Europe

A Proposed Law Targeting ‘Foreign Interests’ in Georgia Riles the Opposition

For the past month, the Georgian capital of Tbilisi has been engulfed in turmoil. Protesters have taken to the streets of the city night after night. A fistfight broke out between legislators in the country’s Parliament. And over the weekend, there were clashes between police and protesters at a large demonstration in the center of the city.

The trigger for the unrest was a decision early this month by the governing party, Georgian Dream, to push a bill through Parliament that the pro-Western opposition believes could be used to crack down on dissent and hamper the country’s efforts to join the European Union.

The draft law would require nongovernmental groups and media outlets that receive more than 20 percent of their funding from foreign sources to register as organizations “carrying the interests of a foreign power” and provide annual financial statements about their activities. Violations would incur fines equivalent to more than $9,000.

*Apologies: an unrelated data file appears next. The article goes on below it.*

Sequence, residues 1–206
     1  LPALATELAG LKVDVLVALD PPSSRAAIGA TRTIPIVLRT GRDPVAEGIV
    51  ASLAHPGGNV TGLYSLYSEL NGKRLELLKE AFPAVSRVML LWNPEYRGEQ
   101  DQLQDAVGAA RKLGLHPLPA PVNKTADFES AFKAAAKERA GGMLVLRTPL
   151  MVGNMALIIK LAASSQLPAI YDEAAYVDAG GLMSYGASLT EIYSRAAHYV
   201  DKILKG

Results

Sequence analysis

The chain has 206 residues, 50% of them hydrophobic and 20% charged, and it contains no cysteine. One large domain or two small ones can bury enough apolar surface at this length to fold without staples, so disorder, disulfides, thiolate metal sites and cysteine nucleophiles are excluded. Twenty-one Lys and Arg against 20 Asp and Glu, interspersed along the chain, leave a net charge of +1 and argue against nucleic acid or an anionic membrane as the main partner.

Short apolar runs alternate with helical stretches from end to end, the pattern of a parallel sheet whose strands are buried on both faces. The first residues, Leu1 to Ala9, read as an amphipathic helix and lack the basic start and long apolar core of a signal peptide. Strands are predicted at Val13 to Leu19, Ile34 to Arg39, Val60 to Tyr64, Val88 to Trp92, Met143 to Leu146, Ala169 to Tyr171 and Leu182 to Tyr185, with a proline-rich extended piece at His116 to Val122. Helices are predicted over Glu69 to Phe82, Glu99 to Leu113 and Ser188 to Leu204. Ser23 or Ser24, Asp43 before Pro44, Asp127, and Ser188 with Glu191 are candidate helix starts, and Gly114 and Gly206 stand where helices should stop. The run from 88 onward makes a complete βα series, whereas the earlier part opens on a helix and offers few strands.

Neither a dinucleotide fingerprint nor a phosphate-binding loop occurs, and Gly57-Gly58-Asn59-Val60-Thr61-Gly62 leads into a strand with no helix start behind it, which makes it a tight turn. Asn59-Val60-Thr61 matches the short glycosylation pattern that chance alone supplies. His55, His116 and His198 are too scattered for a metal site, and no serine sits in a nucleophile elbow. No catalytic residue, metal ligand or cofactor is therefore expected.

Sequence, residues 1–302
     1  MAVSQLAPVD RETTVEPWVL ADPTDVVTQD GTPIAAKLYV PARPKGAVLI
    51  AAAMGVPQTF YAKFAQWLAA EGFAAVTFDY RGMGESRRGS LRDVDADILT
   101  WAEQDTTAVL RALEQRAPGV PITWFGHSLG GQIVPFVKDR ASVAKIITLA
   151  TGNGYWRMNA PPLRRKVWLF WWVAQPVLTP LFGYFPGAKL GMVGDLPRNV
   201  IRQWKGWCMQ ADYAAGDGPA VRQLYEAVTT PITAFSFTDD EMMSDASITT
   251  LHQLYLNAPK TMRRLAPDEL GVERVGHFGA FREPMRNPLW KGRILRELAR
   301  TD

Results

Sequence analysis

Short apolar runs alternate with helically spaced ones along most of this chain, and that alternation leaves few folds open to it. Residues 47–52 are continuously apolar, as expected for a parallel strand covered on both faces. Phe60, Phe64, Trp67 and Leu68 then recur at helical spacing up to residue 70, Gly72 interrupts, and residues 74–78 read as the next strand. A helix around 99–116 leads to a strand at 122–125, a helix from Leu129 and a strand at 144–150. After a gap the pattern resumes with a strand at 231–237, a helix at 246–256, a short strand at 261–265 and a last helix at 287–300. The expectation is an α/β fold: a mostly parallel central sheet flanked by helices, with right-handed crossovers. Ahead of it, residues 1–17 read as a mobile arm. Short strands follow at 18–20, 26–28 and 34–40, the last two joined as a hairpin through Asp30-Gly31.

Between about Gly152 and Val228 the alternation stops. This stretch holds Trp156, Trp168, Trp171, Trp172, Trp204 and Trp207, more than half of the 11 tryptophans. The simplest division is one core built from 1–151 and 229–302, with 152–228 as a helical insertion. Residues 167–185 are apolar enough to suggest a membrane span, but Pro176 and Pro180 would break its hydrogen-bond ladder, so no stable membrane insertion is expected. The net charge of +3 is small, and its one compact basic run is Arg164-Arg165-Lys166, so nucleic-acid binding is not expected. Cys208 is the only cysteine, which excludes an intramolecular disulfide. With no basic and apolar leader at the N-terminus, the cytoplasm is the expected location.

The government backed down on a previous attempt to pass the law last year after facing massive protests, but this time appears determined to push it through Parliament.

The legislation resembles a similar measure that Moscow implemented in 2012 that has been used as a heavy-handed tool to stifle and stigmatize anti-Kremlin advocacy groups and media organizations. Critics say that one of the aims of the bill, which they call “the Russian law,” is to align Georgia, a former Soviet country of 3.6 million, more closely with Moscow.

Similar measures have been adopted by two other former Soviet nations, Kazakhstan and Kyrgyzstan.

In a video screen grab released by the Parliament of Georgia, a member of the governing Georgian Dream party is punched by an opposition legislator during discussion of the foreign agents bill. Credit…Parliament of Georgia, via Reuters
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